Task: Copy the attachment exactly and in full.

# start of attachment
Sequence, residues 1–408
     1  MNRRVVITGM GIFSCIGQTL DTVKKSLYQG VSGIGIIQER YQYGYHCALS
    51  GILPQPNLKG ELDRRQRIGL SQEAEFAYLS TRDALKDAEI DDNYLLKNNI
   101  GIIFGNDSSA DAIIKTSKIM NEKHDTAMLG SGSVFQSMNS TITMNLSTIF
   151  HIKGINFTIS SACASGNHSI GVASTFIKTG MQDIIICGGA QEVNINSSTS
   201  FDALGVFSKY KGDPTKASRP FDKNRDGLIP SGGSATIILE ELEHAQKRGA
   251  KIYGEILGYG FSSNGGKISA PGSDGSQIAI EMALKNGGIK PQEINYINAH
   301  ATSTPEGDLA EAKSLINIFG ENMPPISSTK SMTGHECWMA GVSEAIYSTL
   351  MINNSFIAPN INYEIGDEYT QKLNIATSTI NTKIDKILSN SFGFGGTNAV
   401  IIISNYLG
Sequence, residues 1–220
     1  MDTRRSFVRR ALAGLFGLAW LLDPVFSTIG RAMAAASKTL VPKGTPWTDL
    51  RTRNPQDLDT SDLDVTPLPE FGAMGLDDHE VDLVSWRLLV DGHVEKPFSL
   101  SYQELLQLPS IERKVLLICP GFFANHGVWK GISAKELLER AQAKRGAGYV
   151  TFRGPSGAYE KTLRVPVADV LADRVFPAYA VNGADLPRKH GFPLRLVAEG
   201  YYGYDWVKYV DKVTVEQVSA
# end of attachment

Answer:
Sequence, residues 1–408
     1  MNRRVVITGM GIFSCIGQTL DTVKKSLYQG VSGIGIIQER YQYGYHCALS
    51  GILPQPNLKG ELDRRQRIGL SQEAEFAYLS TRDALKDAEI DDNYLLKNNI
   101  GIIFGNDSSA DAIIKTSKIM NEKHDTAMLG SGSVFQSMNS TITMNLSTIF
   151  HIKGINFTIS SACASGNHSI GVASTFIKTG MQDIIICGGA QEVNINSSTS
   201  FDALGVFSKY KGDPTKASRP FDKNRDGLIP SGGSATIILE ELEHAQKRGA
   251  KIYGEILGYG FSSNGGKISA PGSDGSQIAI EMALKNGGIK PQEINYINAH
   301  ATSTPEGDLA EAKSLINIFG ENMPPISSTK SMTGHECWMA GVSEAIYSTL
   351  MINNSFIAPN INYEIGDEYT QKLNIATSTI NTKIDKILSN SFGFGGTNAV
   401  IIISNYLG
Sequence, residues 1–220
     1  MDTRRSFVRR ALAGLFGLAW LLDPVFSTIG RAMAAASKTL VPKGTPWTDL
    51  RTRNPQDLDT SDLDVTPLPE FGAMGLDDHE VDLVSWRLLV DGHVEKPFSL
   101  SYQELLQLPS IERKVLLICP GFFANHGVWK GISAKELLER AQAKRGAGYV
   151  TFRGPSGAYE KTLRVPVADV LADRVFPAYA VNGADLPRKH GFPLRLVAEG
   201  YYGYDWVKYV DKVTVEQVSA